I also have the added stress that if they do close schools, it’ll be challenging for me to work full days.

There are only so many crafts, sewing projects, puzzles, and reading a six-year-old will do on their own.

And If Business Comes to a Screeching Halt?

It might very well be much ado about nothing.

From what I’m reading, it’s akin to getting a really bad cold or the flu—if you’re healthy and don’t have a compromised immune system.

But it’s highly contagious and it could very easily spread so fast, we’re all sick at once.

For some, that means hospitalization, which they’re fearful our infrastructure can’t handle.

So they may very well shut things down to prevent that.

In Chicago, alone, most of the major conferences held at McCormick Place have been canceled. And United Airlines just slashed their domestic flights.

THAT is what you need to be prepared for.

Yes, be ready to call it if people need to work from home or to stop all travel (not just non-essential) or to cancel your participation in a conference.

And be ready if business comes to a screeching halt for a few days or a week or two.

But what you really need to be prepared for are sluggish second and third quarters.

All of this hoopla is going to affect us this summer—when sales are down and leads are dry because the major events, where a good portion of leads are generated every year, didn’t happen.

Start Having Coronavirus Crisis Conversations Internally

If you’re not already, start having conversations with your bosses and/or clients.

Communicators need to be at the table for these conversations, leading them, not just listening and taking notes.

You need to ask the following questions—and get answers:

  • What are we discussing with our internal teams about how this might affect us?
  • How are we going to handle work-from-home and travel contingencies? When and how do we communicate that?
  • What are our plans A, B, and C for expense reduction through third quarter, at least?
  • How are our suppliers, vendors, and/or customers handling this and what are their contingency plans?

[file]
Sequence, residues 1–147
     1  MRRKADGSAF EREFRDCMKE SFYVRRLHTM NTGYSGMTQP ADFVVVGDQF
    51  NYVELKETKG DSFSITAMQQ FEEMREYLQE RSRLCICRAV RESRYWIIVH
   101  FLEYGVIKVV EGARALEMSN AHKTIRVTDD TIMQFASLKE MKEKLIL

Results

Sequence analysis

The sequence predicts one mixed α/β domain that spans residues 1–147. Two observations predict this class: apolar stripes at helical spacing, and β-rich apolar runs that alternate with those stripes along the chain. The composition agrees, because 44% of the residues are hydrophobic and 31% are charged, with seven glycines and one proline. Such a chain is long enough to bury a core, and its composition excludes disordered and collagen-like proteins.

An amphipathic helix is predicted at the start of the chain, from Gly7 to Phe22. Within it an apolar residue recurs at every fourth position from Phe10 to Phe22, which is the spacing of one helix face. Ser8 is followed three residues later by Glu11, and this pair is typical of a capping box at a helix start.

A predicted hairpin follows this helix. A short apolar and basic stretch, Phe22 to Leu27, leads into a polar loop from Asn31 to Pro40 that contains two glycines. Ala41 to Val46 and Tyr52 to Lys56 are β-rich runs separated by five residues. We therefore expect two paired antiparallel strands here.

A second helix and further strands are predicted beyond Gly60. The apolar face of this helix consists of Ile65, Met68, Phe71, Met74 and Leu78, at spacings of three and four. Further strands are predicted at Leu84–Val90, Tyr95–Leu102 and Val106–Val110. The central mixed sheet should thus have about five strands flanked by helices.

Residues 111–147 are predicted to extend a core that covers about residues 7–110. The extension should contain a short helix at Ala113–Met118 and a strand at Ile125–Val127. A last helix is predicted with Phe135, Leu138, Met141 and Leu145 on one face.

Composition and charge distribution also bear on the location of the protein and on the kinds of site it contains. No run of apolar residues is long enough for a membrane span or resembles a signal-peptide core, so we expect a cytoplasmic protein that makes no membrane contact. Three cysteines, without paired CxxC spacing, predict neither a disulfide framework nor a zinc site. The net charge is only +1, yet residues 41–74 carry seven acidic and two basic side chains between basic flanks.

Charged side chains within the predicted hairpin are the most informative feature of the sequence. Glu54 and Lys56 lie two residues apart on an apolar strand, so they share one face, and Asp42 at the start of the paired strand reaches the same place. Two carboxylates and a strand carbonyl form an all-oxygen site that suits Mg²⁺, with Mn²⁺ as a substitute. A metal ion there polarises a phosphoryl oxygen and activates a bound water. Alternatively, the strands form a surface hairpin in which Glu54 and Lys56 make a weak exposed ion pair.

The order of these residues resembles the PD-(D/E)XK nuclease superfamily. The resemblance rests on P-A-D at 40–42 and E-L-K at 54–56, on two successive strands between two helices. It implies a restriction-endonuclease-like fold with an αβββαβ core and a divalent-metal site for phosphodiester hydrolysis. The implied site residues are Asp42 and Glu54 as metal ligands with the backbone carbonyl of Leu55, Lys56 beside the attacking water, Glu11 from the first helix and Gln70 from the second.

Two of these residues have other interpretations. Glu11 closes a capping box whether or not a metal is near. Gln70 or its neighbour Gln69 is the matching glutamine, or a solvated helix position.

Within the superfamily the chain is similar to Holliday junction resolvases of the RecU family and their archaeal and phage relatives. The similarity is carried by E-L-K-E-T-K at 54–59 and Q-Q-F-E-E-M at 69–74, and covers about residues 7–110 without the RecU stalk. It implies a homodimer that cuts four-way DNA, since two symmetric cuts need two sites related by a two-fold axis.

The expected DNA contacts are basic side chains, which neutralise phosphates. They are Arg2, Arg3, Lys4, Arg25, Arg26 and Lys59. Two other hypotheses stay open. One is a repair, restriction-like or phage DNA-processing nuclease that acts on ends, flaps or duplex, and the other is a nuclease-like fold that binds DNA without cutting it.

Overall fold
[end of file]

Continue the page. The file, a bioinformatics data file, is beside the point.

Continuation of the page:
• What are the varying levels of internal communication so our colleagues can stay focused because they know we’re looking out for them?
  • What happens to this business if it ends up like 2008 all over again and we lose half our revenue (or more)?

There should be a series of meetings you’re holding to get answers to all of these questions (and more).

Start with Melissa’s first question in every meeting:

How might coronavirus affect our business? What are the measurable indicators that will alert us when certain thresholds are reached? How has it affected us, so far?

No question is too alarming. In these conversations, the sky should be falling. That’s the only way to truly be prepared.

Hope Is Not a Strategy

Hopefully, we can continue business as usual, but hope is not a strategy.

Preparation is key. I don’t know about you, but I’d much prefer to be ready, just in case, then not be ready and have the sky come crashing down on us.

Been there, done that. It’s not fun.

Get yourselves prepared. Force the hard conversations. Lead the communications.

This is your time to shine. It’s not a fun time, but it certainly allows you to step up and take a leadership position, either internally  or with your clients.

And, as always, if you need help thinking through things or brainstorming ideas, the comments below and the Spin Sucks Community are there for you.

Gini Dietrich

Gini Dietrich is the founder, CEO, and author of Spin Sucks, host of the Spin Sucks podcast, and author of Spin Sucks (the book). She is the creator of the PESO Model and has crafted a certification for it in partnership with Syracuse University. She has run and grown an agency for the past 15 years. She is co-author of Marketing in the Round, co-host of Inside PR, and co-host of The Agency Leadership podcast.